The demand for `Sovereign Nagaland`

For over six decades, Naga leaders have been skirmishing for a separate `Naga state`.

Salome Phelamei

For over six decades, Naga nationalist leaders have been skirmishing for a separate
`Naga state` although not much headway has been made in the struggle till date. The Nagas, who reside in states neighbouring to Nagaland, have a wide gap in economic and social status as compared with the Nagas living in Nagaland.

This disparity has also dented prospects of real integration in their cause due to lack of harmony among them. While effort has been made by the leaders to bring the Nagas under one umbrella, disunity still creeps in owing mainly to their variant outlooks.

After the outfits began to turn to arms, the Indian security forces carried out counter-insurgency operations in all Naga-inhabited areas. And, in 1972, the Armed Forces Special Power Act was amended in the entire North East region declaring it as a `disturbed area`.

As antagonism began to rise, and violence would only annihilate the country’s peace and security, in 1992, the then Governor MM Thomas, a clergyman from Kerala, made a successful attempt to connect with the NSCN through dialogue. In 1995, the then
Prime Minister P V Narasimha Rao, for the first time met NSCN (IM) leaders Muivah and Swu in Paris. Afterwards in 1997, it was at the historic Indo-Naga peace talks held at Circuit House in Dimapur on 31 July, that a ceasefire between the Government of India and the NSCN (IM) was affirmed for an indefinite period of time.

Subsequently, the Indo-Naga peace talks between the National Socialist Council of
Nagaland (IM) and the Government of India emerged with the appointment of former Union Home Secretary Padmanabhaiah as interlocutor in July 1999, initially for a year. But, his tenure was extended every year till 2009. He was replaced by R S Pandey, IAS
(Retd.) as the new interlocutor in February this year to prolong the peace talks with the NSCN (IM).

The peace talks were held in many places like Bangkok, Zurich, Geneva, Amsterdam,
Hague, New Delhi and Kohima. At least 60 rounds of talks had been carried out even if there is not much spectacle of political solution with both the sides sticking to their own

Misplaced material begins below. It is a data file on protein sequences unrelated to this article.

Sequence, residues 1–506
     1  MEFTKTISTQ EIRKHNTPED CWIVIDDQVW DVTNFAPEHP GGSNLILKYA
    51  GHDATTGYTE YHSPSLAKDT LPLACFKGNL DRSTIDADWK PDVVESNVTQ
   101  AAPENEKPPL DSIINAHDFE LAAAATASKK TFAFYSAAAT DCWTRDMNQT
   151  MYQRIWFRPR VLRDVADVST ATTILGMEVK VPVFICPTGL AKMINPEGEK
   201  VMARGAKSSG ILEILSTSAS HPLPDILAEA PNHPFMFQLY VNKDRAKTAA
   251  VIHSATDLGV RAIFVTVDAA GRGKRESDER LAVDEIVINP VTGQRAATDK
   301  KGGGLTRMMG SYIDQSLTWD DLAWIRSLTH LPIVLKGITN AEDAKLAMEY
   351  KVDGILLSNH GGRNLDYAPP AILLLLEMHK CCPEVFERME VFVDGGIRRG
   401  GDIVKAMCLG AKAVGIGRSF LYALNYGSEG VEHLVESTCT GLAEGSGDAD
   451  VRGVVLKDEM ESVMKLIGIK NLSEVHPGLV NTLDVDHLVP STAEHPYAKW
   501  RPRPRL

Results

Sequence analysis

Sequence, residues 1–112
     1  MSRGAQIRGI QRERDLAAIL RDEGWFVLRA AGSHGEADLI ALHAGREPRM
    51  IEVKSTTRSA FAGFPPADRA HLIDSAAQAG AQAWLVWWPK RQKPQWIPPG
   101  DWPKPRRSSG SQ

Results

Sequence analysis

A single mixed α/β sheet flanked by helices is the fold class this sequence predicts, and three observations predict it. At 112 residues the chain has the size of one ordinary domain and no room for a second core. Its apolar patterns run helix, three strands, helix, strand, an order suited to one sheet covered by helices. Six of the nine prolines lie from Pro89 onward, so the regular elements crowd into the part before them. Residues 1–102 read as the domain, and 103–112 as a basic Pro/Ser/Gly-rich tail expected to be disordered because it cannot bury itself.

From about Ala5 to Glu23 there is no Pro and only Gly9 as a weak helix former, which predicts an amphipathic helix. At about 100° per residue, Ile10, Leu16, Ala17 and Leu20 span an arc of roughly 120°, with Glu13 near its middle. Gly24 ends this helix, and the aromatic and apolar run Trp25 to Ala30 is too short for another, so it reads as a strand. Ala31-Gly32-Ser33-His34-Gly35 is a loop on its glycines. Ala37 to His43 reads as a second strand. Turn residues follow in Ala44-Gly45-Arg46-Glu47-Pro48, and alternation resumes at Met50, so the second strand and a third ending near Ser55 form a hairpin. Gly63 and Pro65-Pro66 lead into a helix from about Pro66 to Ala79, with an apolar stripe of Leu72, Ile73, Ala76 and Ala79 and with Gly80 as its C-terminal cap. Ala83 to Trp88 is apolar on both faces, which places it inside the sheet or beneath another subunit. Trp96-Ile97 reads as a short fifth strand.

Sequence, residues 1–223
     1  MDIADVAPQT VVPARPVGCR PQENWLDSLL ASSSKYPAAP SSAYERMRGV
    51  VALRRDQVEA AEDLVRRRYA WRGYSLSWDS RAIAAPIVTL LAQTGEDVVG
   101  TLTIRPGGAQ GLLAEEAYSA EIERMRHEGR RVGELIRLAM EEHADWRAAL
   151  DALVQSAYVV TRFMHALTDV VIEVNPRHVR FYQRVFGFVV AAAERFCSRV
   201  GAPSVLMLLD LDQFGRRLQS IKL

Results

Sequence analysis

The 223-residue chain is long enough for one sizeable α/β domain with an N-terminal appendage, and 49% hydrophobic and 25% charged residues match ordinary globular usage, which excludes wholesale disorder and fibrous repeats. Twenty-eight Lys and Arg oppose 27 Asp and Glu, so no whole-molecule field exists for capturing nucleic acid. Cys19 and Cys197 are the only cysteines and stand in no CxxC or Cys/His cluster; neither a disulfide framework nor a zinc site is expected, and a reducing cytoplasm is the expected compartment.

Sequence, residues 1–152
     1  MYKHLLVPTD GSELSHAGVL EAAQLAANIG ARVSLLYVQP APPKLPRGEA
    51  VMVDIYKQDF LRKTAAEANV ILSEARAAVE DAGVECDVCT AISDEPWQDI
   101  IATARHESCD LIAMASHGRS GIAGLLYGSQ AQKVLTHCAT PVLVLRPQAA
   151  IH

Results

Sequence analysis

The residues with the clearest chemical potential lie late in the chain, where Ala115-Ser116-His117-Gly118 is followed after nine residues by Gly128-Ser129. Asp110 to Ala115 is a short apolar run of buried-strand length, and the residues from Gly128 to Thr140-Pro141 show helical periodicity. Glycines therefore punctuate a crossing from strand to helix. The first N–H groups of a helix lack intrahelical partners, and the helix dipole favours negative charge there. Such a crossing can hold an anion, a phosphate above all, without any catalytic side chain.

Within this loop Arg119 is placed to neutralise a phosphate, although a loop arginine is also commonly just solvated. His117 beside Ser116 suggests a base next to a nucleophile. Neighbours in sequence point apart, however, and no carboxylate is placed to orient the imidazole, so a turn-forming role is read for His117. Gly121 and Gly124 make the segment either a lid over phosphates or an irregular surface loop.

With the Naga leaders staying firm to their demands on the integration of all Naga-inhabited areas of Assam, Manipur, Arunachal Pradesh and Nagaland, the Government of India, on the other hand, while trying to solve the core issue with the Naga leaders, has
been time and again giving assurances to these states that their territorial integrity will be respected at all cost.

But, hostility and resentments among three Naga underground factions - the NSCN/GPRN (NSCN-IM), the GPRN/NSCN (NSCN-K) and the FGN/NNC - seems to have
earned them moral liability for failure in their battle for a `Sovereign state`. Meanwhile, the Forum for Naga Reconciliation, formed of apex tribal bodies and organizations, has been pushing hard for a reunion among the various underground factions by organising several meetings, so that a peaceful political settlement with the Centre can be achieved.

The NSCN (IM), which is considered as the main faction, and has been holding the peace
talks with the Centre has also appealed to the other two outfits to forgive and forget the bitter past for a common national goal. The United Naga Council, in one of its latest moves, has resolved to sever all ties with the government of Manipur.

Meanwhile, in a setback to the Naga nationalism, the Manipur Assembly has decided to urge the Government of India to amend Article 3 of the Indian Constitution, that allows
altering any state’s boundary by making it smaller or larger and even creating a new state. Perhaps, with careful introspections, and taking solemn note of the core issue of the Naga political deadlock, a pragmatic solution should be obtained as soon as possible to establish peace in the region.


By continuing to use the site, you agree to the use of cookies. You can find out more by clicking this link